SAN FRANCISCO -- VMworld -- Broadcom Corp. (Nasdaq: BRCM) is introducing an Ethernet switch chip that, it claims, can support 32 40Gbit/s ports or more than 100 10Gbit/s ports.
The Trident II series, the latest entry in Broadcom's StrataXGS switch-chip family, is being announced Monday, coinciding with the start of VMworld.
The chip also has some virtualization-related features, such as the ability to do Layer 3 encapsulation for VxLAN and NVGRE, which, respectively, are VMware Inc. (NYSE: VMW) and Microsoft Corp. (Nasdaq: MSFT) technologies that move virtual machines across Layer 3 tunnels rather than simply over Layer 2.
Why this matters
Broadcom has already done a lot to enable the latest generation of 10Gbit/s Ethernet switches, and now it's looking toward increased density at power levels it claims can be less than 1 watt per port.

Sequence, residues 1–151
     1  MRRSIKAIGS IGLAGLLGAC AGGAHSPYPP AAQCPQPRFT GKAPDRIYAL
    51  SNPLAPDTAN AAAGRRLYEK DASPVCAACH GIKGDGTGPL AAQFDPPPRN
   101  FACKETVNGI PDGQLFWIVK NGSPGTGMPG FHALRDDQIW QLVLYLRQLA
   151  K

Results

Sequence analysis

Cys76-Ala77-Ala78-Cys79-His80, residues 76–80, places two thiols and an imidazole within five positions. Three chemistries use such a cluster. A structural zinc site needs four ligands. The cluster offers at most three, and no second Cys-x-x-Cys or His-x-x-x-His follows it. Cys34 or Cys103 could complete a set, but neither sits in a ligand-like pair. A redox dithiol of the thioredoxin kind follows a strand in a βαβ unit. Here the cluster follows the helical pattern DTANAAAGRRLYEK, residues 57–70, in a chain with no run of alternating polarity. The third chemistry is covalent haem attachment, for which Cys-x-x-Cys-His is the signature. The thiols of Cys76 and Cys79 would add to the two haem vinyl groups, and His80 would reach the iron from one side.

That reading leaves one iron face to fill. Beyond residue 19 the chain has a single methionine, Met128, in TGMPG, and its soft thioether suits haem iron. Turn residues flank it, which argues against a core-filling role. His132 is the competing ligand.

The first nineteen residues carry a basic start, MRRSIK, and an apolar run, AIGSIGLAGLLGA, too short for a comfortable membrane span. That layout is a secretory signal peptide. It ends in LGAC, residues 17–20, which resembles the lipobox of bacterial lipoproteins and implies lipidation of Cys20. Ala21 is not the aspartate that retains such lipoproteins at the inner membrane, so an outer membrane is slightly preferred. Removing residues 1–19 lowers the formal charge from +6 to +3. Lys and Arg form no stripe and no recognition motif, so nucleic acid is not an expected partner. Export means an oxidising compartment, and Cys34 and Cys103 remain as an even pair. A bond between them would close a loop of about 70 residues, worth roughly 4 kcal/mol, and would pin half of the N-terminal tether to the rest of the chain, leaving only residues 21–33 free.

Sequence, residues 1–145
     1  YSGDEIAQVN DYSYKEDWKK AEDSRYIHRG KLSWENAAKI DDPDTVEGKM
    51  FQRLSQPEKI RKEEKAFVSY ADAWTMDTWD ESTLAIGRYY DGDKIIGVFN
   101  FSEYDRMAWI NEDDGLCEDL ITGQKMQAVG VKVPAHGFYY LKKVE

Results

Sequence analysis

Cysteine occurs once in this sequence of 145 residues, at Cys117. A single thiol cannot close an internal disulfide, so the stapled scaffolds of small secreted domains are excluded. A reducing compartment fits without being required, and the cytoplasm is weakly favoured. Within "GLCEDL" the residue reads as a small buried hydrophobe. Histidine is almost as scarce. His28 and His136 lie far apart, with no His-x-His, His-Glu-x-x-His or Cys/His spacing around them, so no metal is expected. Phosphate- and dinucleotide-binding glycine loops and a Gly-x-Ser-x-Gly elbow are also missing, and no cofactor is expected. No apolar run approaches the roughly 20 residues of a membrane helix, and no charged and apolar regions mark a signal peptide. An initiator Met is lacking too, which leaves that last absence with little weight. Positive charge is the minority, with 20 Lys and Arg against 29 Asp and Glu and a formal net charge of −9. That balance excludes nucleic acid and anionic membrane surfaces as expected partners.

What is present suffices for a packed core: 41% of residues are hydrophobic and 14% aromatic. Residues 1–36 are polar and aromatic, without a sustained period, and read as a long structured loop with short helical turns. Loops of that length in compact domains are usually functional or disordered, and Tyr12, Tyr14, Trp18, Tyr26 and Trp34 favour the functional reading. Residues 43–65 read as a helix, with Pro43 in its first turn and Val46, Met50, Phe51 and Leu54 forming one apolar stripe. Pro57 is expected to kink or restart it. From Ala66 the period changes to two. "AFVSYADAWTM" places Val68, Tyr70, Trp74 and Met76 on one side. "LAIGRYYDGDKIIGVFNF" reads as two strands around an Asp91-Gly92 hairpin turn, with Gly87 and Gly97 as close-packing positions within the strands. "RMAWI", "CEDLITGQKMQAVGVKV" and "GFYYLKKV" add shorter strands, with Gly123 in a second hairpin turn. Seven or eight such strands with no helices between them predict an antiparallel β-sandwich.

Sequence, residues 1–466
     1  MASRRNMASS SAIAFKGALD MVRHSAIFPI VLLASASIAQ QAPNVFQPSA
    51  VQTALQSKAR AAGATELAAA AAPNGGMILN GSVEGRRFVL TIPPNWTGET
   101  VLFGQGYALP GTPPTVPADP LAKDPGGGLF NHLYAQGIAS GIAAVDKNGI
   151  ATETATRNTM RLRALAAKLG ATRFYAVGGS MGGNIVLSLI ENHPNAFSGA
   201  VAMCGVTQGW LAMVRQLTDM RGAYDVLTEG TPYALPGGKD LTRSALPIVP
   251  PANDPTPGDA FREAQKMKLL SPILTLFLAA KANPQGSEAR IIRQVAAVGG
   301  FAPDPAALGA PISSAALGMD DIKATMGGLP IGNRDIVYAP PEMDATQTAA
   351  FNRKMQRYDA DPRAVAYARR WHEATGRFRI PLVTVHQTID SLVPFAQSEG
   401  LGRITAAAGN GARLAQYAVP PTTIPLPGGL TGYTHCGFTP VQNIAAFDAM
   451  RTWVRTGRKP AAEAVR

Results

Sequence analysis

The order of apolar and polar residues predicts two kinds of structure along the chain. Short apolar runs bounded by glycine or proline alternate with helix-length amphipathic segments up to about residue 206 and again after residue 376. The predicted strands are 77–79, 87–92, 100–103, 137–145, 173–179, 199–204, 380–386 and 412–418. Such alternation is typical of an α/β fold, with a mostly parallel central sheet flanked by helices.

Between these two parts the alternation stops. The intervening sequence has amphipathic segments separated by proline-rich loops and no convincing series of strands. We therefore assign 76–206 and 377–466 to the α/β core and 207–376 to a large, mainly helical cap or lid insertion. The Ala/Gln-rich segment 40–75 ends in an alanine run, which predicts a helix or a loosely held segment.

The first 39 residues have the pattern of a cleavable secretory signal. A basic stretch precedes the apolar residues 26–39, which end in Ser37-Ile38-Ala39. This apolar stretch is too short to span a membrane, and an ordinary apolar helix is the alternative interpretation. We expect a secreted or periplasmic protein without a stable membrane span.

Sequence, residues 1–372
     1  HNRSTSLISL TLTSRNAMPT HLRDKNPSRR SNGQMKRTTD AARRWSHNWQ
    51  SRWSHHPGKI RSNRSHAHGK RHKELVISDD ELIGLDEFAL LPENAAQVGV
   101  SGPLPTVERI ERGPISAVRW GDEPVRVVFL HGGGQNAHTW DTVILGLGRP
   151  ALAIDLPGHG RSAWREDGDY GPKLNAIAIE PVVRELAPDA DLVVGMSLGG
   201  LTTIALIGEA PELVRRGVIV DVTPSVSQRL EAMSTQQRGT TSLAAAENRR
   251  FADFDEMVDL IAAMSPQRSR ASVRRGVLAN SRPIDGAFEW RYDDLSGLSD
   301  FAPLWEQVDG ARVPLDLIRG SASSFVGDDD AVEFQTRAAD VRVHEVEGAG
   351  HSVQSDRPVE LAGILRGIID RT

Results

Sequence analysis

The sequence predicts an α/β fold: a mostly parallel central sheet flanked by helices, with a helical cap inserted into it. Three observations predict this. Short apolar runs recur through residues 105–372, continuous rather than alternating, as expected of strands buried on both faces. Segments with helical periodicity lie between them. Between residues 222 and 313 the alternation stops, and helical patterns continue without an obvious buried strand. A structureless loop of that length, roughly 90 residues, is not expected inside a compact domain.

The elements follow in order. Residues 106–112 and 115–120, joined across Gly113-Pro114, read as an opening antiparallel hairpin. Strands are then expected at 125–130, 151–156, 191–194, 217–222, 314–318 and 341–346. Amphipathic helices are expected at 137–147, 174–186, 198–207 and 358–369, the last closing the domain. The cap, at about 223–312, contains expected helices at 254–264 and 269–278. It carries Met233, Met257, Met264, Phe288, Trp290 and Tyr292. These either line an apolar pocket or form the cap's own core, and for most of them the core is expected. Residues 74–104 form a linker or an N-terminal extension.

Intel Corp. (Nasdaq: INTC), through the Fulcrum Microsystems acquisition, and Marvell Technology Group Ltd. (Nasdaq: MRVL) are supplying high-end Ethernet switch chips as well, and startup Centec wants to get into the market. There's no shortage of sources for anyone who wants to compete with Cisco.
Cisco Systems Inc. (Nasdaq: CSCO) uses merchant chips itself, but -- like Juniper Networks Inc. (NYSE: JNPR) and Alcatel-Lucent (NYSE: ALU) -- still contends that application-specific integrated circuits (ASICs) are necessary for the most advanced pieces of equipment. Cisco is supposedly at work on its next ASIC-based Ethernet switch, courtesy of spin-in Insieme Networks Inc.
- Cisco's Insieme Building Massively Scalable Switch
- Market Leaders Drive Investment in Switching
- Intel Seeks Ethernet Leverage With Fulcrum
- Broadcom Challenger Raising $10M More
- 10G Ethernet Switches Pass the Test
— Craig Matsumoto, Managing Editor, Light Reading